Exhibitions in Manchester and the North

Polly Checkland Harding, Exhibitions Editor

One clear thread that runs through a number of our current top exhibition picks is a fascination with the history and narratives that come to be associated with objects. Newly opened is Life of Objects at The John Rylands Library, an unusual showcase of the objects in the library’s collection, instead of its books and manuscripts (which span five millennia). Further ahead is Object Lessons at Manchester Museum, an exhibition featuring finely crafted 19th century life science teaching objects, which we’re particularly excited about for its inclusion of extraordinary glass models by glassmakers Leopold and Rudolf Blaschka, who were unparalleled in their work. Further ahead still is True Faith as part of Manchester International Festival 2017 (read our guide here): combining memorabilia with work by international artists, the exhibition charts the cultural significance of legendary Manchester bands Joy Division and New Order.

Here are our picks

  • 1. Object Lessons at Manchester Museum

    Two boxes of wax fruits depicted as in nature. Photography by Rosamond Purcell.

    Object Lessons at Manchester Museum, Manchester, 19 May–20 August 2017, free entry - Find Out More

    Extraordinary objects from the private collection of art collector George Loudon go on display to the public for the first time in Object Lessons at Manchester Museum – a showcase of 19th century life science teaching objects that blurs the boundary between art and science.

  • 2. MIF17: True Faith at Manchester Art Gallery

    Slater B. Bradley, Factory Icon, 2000/2017, Courtesy Slater Bradley Studio, Berlin and Blum & Poe, Los Angeles/New York/Tokyo, © Slater B. Bradley

    MIF17: True Faith at Manchester Art Gallery at Manchester Art Gallery, Chinatown, 30 June–3 September 2017, free entry - Find Out More

    Part of the newly-announced Manchester International Festival programme is this exhibition of internationally acclaimed artists to mark the ongoing cultural significance of New Order and Joy Division.

  • 3. The Life of Objects at John Rylands Library

    Walt Whitman's flowers. Credit: The University of Manchester Library.

    The Life of Objects at The John Rylands Library, City Centre, 16 March–27 August 2017, free entry - Visit now

    Featuring objects including a fragment from the lining of Napoleon’s coffin, The John Rylands Library’s latest exhibition sets out to prove that a library’s stories are not just contained within books.

  • 4. Andrew McDonald at Castlefield Gallery

    Fence: Hammock (2017) at Andrew McDonald.

    Andrew McDonald at Castlefield Gallery, Castlefield, 28 April–11 June 2017, free entry - Find Out More

    Hopeless repetition is a core theme in artist Andrew McDonald’s animated works – but who is responsible for the darkly comic loops the figures on screen perform? Find out in this significant solo show at Castlefield Gallery.

  • 5. Sooni Taraporevala: Home in the City, Bombay 1976 – Mumbai 2016 at the Whitworth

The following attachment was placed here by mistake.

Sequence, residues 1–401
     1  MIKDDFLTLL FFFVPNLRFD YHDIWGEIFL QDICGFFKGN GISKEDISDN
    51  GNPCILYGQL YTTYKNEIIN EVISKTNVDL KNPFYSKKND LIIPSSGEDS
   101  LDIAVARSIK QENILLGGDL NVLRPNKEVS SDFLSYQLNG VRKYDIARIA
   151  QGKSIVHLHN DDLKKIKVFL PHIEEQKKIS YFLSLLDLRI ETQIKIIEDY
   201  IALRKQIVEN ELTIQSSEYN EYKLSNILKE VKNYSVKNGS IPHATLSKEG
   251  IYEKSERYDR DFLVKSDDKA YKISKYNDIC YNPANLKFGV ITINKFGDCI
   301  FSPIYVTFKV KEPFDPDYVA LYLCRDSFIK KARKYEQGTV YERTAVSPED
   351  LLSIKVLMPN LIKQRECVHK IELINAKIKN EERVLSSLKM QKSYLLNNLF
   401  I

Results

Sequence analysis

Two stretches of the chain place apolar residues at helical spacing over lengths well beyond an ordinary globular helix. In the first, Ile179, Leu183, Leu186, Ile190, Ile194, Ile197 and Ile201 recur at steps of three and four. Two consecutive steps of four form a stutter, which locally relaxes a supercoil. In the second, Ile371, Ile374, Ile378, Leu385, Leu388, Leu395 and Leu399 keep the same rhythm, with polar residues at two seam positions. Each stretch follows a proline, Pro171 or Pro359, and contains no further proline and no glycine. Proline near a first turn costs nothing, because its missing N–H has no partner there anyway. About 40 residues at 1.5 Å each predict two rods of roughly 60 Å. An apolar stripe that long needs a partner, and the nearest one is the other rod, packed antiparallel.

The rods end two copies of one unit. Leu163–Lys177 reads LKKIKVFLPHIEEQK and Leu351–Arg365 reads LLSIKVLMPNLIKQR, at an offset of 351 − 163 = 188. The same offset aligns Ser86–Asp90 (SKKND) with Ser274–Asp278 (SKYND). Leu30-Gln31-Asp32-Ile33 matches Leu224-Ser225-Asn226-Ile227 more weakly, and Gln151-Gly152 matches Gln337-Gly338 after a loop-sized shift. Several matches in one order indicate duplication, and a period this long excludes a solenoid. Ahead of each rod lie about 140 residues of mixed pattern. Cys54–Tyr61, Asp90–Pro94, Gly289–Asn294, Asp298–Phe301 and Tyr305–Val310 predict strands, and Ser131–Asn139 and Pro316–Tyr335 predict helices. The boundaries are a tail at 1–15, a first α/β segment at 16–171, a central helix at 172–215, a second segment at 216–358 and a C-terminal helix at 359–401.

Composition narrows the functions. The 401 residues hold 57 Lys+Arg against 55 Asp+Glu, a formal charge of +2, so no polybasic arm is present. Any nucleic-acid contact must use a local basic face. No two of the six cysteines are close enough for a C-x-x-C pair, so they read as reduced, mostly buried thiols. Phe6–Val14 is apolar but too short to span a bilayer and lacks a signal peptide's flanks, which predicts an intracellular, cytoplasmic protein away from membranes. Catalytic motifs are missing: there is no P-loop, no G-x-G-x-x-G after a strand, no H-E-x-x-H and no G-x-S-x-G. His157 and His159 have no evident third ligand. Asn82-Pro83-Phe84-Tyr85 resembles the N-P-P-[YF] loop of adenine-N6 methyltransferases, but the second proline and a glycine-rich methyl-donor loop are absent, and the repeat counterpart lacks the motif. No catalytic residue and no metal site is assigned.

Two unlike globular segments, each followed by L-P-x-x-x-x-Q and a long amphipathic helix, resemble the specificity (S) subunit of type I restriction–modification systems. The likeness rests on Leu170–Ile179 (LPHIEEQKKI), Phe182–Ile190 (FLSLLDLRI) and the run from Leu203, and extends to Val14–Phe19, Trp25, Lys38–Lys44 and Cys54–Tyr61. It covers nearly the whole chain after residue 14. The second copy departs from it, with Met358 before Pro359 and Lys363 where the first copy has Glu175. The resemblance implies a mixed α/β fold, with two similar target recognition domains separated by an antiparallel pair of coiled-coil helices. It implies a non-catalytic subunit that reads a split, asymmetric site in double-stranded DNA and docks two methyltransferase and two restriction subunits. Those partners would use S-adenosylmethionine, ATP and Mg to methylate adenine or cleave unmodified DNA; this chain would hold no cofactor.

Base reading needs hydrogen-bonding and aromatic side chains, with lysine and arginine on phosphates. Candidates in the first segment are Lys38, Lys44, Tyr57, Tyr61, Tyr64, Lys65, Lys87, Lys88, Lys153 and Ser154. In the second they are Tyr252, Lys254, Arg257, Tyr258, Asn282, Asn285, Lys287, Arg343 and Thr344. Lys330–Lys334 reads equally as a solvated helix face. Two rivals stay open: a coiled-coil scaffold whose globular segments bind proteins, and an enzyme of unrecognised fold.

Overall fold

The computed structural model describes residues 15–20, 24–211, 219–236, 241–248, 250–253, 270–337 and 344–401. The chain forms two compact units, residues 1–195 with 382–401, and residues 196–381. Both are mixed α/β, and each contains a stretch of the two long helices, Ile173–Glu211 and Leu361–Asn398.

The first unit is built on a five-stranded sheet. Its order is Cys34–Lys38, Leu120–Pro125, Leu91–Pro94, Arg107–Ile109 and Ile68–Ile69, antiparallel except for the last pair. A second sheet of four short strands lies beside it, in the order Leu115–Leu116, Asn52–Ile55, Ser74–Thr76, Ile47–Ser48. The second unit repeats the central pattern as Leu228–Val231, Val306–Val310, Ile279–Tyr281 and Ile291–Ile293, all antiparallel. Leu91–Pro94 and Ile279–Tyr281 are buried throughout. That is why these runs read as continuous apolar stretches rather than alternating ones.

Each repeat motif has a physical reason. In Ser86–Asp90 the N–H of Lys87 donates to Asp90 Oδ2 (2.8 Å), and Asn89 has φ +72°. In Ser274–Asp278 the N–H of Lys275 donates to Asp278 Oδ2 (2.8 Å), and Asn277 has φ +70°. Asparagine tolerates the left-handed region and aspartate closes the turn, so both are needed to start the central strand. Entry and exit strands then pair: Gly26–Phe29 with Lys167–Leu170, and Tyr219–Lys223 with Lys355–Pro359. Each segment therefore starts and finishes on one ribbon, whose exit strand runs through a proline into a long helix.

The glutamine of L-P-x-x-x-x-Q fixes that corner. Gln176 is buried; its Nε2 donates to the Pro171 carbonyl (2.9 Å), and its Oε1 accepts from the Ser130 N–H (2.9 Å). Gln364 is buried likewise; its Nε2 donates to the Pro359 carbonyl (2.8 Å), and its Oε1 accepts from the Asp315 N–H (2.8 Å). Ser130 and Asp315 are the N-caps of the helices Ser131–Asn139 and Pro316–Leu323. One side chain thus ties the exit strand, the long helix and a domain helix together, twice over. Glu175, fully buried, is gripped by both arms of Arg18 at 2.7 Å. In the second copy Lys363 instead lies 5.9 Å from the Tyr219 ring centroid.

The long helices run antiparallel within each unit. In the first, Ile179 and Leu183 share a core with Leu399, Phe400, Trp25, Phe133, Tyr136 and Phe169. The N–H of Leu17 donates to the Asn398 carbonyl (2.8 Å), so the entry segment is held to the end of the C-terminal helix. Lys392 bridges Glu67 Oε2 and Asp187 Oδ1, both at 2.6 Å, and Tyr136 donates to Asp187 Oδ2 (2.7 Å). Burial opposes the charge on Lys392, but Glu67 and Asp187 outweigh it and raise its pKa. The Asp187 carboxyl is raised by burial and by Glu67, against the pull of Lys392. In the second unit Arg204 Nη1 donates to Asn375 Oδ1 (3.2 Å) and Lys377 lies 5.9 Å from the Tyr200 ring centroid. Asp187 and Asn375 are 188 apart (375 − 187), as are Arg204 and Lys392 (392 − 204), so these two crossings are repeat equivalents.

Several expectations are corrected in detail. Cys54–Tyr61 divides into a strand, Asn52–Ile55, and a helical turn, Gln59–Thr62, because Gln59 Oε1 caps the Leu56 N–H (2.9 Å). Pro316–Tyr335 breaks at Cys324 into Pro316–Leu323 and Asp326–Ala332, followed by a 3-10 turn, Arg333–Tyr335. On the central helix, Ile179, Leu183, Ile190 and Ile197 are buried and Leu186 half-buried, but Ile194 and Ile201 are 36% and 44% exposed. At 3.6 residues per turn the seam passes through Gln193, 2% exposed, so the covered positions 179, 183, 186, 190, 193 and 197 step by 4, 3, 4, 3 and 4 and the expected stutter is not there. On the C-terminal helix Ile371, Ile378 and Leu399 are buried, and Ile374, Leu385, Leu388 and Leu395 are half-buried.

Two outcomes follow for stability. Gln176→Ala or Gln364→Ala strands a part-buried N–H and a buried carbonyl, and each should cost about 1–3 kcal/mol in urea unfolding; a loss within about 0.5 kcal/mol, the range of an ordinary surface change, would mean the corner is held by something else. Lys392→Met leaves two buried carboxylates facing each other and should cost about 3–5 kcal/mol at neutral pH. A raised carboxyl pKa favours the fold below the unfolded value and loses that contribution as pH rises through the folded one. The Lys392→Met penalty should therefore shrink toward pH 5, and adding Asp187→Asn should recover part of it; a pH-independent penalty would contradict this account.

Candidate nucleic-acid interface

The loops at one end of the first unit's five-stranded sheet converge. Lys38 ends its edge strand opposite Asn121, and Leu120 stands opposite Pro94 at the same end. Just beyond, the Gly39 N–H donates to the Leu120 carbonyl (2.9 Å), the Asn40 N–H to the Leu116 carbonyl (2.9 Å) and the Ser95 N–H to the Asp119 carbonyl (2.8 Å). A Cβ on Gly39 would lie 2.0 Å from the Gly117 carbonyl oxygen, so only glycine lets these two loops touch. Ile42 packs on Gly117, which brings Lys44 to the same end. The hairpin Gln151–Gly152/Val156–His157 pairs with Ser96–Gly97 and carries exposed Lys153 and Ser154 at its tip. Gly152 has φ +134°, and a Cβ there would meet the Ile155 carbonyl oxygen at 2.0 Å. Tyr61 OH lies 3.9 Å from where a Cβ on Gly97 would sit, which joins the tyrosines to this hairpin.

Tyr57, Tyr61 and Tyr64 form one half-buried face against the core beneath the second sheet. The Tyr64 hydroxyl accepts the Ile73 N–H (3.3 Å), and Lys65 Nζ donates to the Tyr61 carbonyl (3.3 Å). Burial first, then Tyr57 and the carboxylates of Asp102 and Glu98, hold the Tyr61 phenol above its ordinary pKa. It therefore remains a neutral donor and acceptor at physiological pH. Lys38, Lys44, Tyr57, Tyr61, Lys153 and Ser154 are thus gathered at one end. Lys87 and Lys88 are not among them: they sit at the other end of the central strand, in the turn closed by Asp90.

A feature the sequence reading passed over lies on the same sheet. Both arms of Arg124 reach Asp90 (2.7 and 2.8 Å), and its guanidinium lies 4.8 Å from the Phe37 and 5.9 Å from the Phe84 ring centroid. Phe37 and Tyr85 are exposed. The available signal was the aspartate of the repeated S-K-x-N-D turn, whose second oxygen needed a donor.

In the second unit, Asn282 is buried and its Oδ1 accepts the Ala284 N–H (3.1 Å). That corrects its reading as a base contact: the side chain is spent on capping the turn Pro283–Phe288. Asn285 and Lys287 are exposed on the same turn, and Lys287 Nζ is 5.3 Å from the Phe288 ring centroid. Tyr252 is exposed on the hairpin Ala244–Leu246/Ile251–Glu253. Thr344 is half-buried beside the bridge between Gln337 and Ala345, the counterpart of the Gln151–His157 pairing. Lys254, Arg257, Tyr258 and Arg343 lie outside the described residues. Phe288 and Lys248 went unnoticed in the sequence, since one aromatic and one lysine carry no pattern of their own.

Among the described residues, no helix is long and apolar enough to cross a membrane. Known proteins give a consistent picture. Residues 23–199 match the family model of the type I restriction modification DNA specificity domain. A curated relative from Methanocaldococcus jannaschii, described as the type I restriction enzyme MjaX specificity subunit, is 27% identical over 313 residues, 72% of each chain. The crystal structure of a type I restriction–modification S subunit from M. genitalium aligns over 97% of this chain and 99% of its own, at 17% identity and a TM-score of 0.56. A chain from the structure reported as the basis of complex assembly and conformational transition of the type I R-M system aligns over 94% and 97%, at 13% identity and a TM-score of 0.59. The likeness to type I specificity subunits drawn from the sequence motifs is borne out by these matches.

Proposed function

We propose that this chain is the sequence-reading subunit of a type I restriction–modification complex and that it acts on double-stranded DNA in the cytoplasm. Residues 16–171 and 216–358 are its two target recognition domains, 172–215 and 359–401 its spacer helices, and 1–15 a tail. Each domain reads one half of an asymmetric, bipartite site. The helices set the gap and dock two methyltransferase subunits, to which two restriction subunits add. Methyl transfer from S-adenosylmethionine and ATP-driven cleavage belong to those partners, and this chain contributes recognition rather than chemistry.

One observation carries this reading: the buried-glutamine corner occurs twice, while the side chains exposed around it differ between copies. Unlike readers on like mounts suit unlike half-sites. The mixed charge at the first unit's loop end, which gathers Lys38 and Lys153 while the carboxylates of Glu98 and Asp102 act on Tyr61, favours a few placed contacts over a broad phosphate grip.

Sooni Taraporevala Koli Grace Bombay 1976.

    Sooni Taraporevala: Home in the City, Bombay 1976 – Mumbai 2016 at The Whitworth, Manchester, 4 March 2017–1 January 2018, free entry - Visit now

    The first UK solo exhibition by photographer, screenwriter and filmmaker Sooni Taraporevala – organised as part of New North and South, a network of 11 arts organisations from across the North of England and South Asia.

  • 6. Never Going Underground at People’s History Museum

    Pits and Peverts Poster, 1984.

    Never Going Underground: the fight for LGBT+ rights at People’s History Museum, City Centre, 25 February–3 September 2017, free entry - Visit now

    January 1967: it’s illegal for men to have sex together, lesbianism is seen as a medical misfortune, and trans rights are non-existent. This exhibition at the People’s History Museum charts the fight for LGBT+ rights, opening in a year that marks the 50th anniversary of the partial decriminalisation of homosexual acts.

  • 7. How much of this is fiction at FACT

    Maia Gusberti, How much of this is fiction 2014-ongoing. Image by Mark McNulty,

    How much of this is fiction at FACT, City Centre, 2 March–21 May 2017, free entry - Visit now

    Including a close replica of Julian Assange’s study at the Ecuadorian Embassy, How much of this is fiction is a major new exhibition of artists as tricksters – and a form of cultural response to the world of post-truth politics.

  • 8. …in Dark Times at Castlefield Gallery

    …in Dark Times at Castlefield Gallery, Castlefield, 24 February–15 April 2017, free entry - Visit now

    Six contemporary artists feature in this exhibition at Castlefield Gallery, each exploring the ways in which screen based technologies and the online world puts distance between us and objects.

  • 9. La Movida at HOME

    Stefanos Tsivopoulous, Stranger Disco.

    Group exhibition: La Movida at HOME Manchester, Manchester, 14 April–17 July 2017, free entry - Find Out More

    HOME has just announced its next major exhibition – a reflection on the cultural and social revolution that took place in post-Franco Spain through new commissions and pre-existing, international works.

  • 10. Ellsworth Kelly at Tate Liverpool

    Méditerranée (1952) © Ellsworth Kelly. Tate. Lent from a private collection 2002.

    Ellsworth Kelly at Tate Liverpool, Waterfront, 3 April–29 May 2017, free entry - Find Out More

    Presenting 11 paintings, prints and reliefs, this exhibition spans more than six decades in the career of Ellsworth Kelly  – one of America’s great 20th century abstract artists.

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